• Mon. Jul 22nd, 2024

Where to see art gallery shows in the D.C. area


Not every feeling lends itself to street protests. After the outrage that followed George Floyd’s murder and so many other injustices against African Americans, the three Black artists in VisArts’s “Contours of the Interior” step back to consider what a gallery note calls “opacity, quiet, withholding and mundanity.” The result is one of three intriguing shows at the Rockville venue, where Kei Ito and Emily Francisco are also exhibiting.

While all their work favors black or black-and-white, the methods of the “Interior” artists are otherwise diverse. Lola Ayisha Ogbara makes glazed stoneware in forms that appear both solid and slippery, idiosyncratic and traditional. Sasha-Kay Nicole photographs herself, occasionally with a cohort, in performances that involve covering her head with a black bag. Zakkiyyah Najeebah Dumas-O’Neal evokes “elsewhere” with photographs and videos of watery scenes, and offers a densely layered drawing that features areas of text. (Nicole lives in Jamaica, and the other two are based in Chicago.)

Curated by Gervais Marsh, VisArts’s 2023 emerging curator, “Contours of the Interior” is hushed but not entirely quiet. The lapping of gentle surf accompanies a Dumas-O’Neal video, and one of Ogbara’s sculptures has a laugh track. The contrast between the two sounds highlights the three artists’ emotional range. Their work is personal, but it touches on the universal.

The central event of Kei Ito’s life didn’t happen to him. The Tokyo-born Baltimorean’s grandfather survived the atomic bombing of Hiroshima, a cataclysm that haunts his grandson’s multimedia installations. The latest is “A Dream of Armageddon,” which takes its title from an H.G. Wells story and conjures a foreboding landscape from simple materials and effects.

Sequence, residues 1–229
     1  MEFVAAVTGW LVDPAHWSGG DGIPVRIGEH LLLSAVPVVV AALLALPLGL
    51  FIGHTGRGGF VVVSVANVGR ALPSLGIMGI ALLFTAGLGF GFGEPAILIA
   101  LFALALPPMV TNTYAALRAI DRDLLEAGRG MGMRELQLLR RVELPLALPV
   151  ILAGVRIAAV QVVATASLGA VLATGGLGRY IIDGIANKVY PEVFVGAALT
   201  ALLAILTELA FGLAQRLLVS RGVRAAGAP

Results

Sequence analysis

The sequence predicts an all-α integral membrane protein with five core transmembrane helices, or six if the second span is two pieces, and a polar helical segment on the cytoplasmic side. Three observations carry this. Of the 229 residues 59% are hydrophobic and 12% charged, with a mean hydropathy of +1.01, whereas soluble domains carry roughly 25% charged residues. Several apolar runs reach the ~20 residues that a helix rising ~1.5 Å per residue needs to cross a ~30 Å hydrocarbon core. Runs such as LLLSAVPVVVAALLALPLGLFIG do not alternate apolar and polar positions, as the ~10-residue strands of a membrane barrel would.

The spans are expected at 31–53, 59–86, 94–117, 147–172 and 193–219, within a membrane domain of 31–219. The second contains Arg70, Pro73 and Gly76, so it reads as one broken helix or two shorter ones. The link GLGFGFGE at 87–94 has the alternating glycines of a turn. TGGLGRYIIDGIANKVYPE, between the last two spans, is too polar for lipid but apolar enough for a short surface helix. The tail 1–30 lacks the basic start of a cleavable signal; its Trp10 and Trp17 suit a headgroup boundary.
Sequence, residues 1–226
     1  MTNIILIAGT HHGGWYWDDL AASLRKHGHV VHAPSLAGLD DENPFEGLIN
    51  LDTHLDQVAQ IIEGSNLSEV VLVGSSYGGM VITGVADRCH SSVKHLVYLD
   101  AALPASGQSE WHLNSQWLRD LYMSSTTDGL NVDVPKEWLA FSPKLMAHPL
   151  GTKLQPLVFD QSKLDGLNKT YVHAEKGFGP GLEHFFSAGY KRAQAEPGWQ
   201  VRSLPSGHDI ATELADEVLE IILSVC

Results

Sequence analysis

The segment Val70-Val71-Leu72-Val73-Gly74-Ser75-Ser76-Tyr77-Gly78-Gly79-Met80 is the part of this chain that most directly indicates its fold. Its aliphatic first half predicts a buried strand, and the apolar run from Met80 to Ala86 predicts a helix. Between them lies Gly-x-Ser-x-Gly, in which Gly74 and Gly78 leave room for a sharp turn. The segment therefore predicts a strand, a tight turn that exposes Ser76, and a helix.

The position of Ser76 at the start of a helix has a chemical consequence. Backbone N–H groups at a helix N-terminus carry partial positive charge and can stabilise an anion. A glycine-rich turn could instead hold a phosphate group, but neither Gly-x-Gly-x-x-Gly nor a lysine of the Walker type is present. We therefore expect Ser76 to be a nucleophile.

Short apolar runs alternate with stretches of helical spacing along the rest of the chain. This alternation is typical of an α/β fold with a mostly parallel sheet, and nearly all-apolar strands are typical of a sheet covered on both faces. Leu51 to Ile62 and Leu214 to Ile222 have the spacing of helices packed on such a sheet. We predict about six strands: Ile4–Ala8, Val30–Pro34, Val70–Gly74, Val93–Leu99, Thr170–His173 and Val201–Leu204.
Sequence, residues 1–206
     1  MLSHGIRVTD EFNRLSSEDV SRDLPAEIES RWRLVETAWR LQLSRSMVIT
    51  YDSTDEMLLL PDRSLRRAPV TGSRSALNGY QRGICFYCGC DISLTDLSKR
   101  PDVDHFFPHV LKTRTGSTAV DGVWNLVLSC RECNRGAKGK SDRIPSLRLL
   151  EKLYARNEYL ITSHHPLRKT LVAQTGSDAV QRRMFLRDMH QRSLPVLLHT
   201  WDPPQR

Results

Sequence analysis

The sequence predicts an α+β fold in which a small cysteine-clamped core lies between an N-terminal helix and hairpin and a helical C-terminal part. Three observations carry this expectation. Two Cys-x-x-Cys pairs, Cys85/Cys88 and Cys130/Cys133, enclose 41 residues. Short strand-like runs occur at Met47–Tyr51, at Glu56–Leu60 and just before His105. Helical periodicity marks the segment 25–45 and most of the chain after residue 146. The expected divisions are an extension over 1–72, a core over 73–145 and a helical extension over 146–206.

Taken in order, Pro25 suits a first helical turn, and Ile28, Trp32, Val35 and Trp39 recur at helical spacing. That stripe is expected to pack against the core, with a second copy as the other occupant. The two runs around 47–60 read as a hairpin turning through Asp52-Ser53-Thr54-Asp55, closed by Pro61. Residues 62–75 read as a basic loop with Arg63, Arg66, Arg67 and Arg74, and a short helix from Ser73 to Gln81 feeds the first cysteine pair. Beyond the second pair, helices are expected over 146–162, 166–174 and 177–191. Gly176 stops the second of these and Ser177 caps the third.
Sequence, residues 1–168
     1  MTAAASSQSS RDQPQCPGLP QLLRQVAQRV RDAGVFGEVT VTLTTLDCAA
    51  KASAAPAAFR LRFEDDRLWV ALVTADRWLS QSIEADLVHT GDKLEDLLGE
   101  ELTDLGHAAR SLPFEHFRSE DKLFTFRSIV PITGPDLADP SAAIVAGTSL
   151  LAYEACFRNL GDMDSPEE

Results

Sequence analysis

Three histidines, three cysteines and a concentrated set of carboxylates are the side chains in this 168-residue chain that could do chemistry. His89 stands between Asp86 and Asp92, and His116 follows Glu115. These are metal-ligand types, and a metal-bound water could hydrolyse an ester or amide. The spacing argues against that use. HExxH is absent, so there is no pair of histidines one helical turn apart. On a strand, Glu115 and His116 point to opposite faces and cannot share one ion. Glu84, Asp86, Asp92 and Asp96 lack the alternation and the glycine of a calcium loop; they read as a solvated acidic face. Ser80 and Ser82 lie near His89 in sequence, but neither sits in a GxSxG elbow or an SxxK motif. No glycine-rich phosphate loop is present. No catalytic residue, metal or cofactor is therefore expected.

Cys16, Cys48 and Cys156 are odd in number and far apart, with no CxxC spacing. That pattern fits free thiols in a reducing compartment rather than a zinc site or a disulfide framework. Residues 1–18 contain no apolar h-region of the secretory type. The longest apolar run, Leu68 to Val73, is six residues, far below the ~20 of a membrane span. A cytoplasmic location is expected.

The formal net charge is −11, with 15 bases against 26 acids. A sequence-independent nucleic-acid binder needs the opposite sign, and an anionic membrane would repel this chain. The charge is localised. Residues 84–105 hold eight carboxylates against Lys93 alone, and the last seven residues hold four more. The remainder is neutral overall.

The floor-level piece consists of 100 small high-contrast photographs of model houses, reversed on black backdrops and placed among a variety of lightbulbs, some of which blink. The pulsing lights complement the pictures, in which the houses are fiery shades of yellow and red, as if reflecting the colors of a nearby conflagration. Viewers may think of Hiroshima, but the piece also evokes other conflagrations, including the burgeoning number of recent wildfires that have turned communities to ash. The gallery is quiet and not uncomfortably warm, but to walk through it is be led into an inferno.

Another plugged-in artwork, Francisco’s “The Ocular Harpsichord Revisited,” is a discarded old instrument wired to an array of vertical video screens. Pressing the keys yields notes, but certain ones also activate live video of the player. Both aspects of the device are somewhat broken: The harpsichord is battered, and the video is distorted.

As the show’s title indicates, this whimsical apparatus is a redesign of an earlier one. Yet the D.C. artist is still exploring the same concerns, among them the nature of time and the role of humans in technological systems. Francisco invented the ocular harpsichord, but its purpose is fulfilled only when a passerby strikes the keys.

Contours of the Interior, Kei Ito: A Dream of Armageddon and Emily Francisco: The Ocular Harpsichord Revisited Francisco through Jan. 14; “Contours” and Ito through Jan. 21 at VisArts, 155 Gibbs St., Rockville. 301-315-8200.